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Physical Methods | Medicinal Methods (Galactagogues)

Latching | Breast Compression | Breastfeed Frequently | Milk Ejection Stimulation | Pumping | Skin-to-Skin

Skin-to-Skin Care

One of the most enjoyable and beneficial things you can do as a mother is simply holding your baby “skin-to-skin.” With baby wearing only a diaper and you wearing nothing on top or a blouse with an open front and no bra, the two of you can snuggle together with baby held upright, nestled between your breasts. 

Holding your baby skin-to-skin has been shown to help increase milk volume.(1)  An additional benefit of skin-to-skin is that baby is also more likely to nurse when he is “in the restaurant” and smelling your milk.  Keeping your newborn skin-to-skin also helps to maintain his physiological stability.  It has been found to help regulate respiration, increase blood oxygenation levels and heart rates, and stabilize body temperature.(2), (3)   The temperature of your breasts will actually increase or decrease in response to your baby’s body temperature to keep his temperature even.  It does this much more effectively than the best warming isolette. (4)  

If you are cold, you can put a blanket around the two of you.  When he is nestled near your heart, baby hears your heartbeat—a very familiar sound from his time in your womb—making him feel very secure and calm.   When you need a break, your partner can hold him in the same way.  Another benefit of skin-to-skin care is that afterwards, your baby is more likely to sleep soundly and peacefully during the night.(5)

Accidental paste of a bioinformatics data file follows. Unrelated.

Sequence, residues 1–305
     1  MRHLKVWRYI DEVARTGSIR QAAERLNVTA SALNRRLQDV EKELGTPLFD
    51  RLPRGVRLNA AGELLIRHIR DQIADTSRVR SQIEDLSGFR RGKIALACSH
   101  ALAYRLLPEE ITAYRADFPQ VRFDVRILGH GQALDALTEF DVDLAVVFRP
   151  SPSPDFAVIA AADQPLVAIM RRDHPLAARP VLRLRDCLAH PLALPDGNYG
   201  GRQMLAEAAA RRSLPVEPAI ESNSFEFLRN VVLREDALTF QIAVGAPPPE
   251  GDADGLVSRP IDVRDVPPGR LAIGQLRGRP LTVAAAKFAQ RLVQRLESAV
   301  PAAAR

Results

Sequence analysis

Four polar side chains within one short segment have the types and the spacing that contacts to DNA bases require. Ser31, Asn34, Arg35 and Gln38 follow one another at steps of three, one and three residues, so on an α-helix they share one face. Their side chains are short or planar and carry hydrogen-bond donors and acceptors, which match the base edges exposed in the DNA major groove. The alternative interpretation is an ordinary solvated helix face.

(1) Hurst, N., Valentine, C., Renfro, L., et al.  Skin-to-skin holding in the neonatal intensive care unit influences maternal milk volume. J Perinatol 1997 May-Jun; 17(3):213-7.

(2) Acolet, D., Sleath, K., Whitelaw, A. Oxygenation, heart rate and temperature in very low birthweight infants during skin-to-skin contact with their mothers. Acta Paediatr Scand 1989 Mar; 78(2):189-93.

(3) Jonas, W., Wiklund, I., Nissen, E., et al. Newborn skin temperature two days postpartum during breastfeeding related to different labour ward practices. Early Hum Dev 2006 Jul 28; [Epub ahead of print].

(4) Bergman, N., Linley, L., Fawcus, S. Randomized controlled trial of skin-to-skin contact from birth versus conventional incubator for physiological stabilization in 1200- to 2199-gram newborns. Acta Paediatr  2004 Jun; 93(6):779-85.

(5) Ferber, S. and Makhoul, I. The effect of skin-to-skin contact (kangaroo care) shortly after birth on the neurobehavioral responses of the term newborn: a randomized, controlled trial. Pediatrics 2004 Apr; 113(4):858-65.

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